I didn't checked this in the Linux source code. It interesting to hear that bash was working from Debian 4.0 mipsel.

citronalco wrote:

4. Is there a place where some information is bundled? playstation2-linux.com is nearly abandoned, filled with spam and seems to get offline any time soon(?), on linux-mips.org there's nearly nothing. Did I miss some sites?


The posts in this forum is already the best what you can get.

citronalco wrote:

5. For X11 the gsx driver is needed. Blackrhino uses XFree86 3.3.6. Is there a port to Xfree86 4 or even X.org? If not, is there any chance to get some video output in more modern X11 implementations?


I don't know, but one problem could be the memory consumption.

citronalco wrote:

6. I've read someone managed to get Linux 2.6 booting on the PSP using a patched uClinux kernel. Is this of any help?

If the PSP has the same CPU, we can use the same compiler. But I am not sure about this. The only thing that I need to get Linux 2.6 running on the PS2 is a working compiler toolchain.
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citronalco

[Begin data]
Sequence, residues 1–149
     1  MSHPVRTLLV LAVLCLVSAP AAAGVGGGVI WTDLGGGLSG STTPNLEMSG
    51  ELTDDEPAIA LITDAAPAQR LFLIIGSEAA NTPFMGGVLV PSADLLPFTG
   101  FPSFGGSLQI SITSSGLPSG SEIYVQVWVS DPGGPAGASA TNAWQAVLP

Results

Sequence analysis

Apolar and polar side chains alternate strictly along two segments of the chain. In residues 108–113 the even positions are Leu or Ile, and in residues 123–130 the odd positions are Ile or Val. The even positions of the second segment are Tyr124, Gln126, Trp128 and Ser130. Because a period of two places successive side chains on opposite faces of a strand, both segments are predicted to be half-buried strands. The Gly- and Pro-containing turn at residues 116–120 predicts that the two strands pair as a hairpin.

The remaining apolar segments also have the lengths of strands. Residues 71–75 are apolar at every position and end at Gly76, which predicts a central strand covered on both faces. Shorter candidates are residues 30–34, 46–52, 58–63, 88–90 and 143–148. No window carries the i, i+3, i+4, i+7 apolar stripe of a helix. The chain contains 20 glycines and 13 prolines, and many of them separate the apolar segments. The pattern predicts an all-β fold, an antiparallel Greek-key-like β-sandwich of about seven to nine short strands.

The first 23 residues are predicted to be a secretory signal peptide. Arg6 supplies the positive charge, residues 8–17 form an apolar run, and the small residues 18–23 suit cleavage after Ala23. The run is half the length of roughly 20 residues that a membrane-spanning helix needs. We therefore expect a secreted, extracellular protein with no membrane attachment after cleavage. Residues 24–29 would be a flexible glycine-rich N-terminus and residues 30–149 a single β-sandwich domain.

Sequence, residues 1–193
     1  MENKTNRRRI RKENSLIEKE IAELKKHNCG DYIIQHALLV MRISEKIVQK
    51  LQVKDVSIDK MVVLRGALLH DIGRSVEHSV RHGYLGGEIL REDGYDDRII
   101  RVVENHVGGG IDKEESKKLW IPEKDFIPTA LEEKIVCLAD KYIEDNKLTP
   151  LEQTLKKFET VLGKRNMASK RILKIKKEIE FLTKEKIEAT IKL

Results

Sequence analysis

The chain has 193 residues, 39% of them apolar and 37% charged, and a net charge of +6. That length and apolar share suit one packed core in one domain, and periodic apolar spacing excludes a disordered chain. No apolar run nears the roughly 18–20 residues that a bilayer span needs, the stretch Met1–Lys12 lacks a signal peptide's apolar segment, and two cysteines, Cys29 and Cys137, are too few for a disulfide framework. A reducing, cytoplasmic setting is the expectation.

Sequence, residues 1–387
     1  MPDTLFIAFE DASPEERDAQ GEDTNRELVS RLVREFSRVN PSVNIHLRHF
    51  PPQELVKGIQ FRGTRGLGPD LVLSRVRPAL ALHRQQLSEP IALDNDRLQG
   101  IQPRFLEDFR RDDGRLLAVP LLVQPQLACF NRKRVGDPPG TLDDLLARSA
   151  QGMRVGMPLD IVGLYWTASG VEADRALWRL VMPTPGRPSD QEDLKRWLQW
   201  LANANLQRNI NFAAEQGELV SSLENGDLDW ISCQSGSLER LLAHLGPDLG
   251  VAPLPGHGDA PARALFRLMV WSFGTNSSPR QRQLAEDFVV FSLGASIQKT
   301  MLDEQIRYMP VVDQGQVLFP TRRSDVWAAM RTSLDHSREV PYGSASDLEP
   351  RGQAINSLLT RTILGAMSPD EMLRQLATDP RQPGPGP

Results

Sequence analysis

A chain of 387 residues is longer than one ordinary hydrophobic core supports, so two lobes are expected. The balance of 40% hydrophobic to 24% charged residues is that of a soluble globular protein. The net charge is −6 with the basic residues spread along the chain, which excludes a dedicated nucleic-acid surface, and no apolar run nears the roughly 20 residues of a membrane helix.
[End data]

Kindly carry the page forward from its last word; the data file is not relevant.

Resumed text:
Joined: 19 Apr 2008
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PostPosted: Sat May 01, 2010 8:26 am    Post subject: Reply with quote

Thanks, this cleared up some things.

Now that I have Blackrhino working and have seen some Debian packages working without recompilation I tried to install some more Debian mipsel packages, but stumbled over some bus errors (seems to be the CPU errata/nop/exception handler thing you've written about here: http://forums.ps2dev.org/viewtopic.php?t=8860). So things are not that easy. Recompiling Debian 3.0 packages from source works but is very time consuming and, besides this, Debian 3.0 is VERY outdated. You're right, there's no way around a working modern GCC.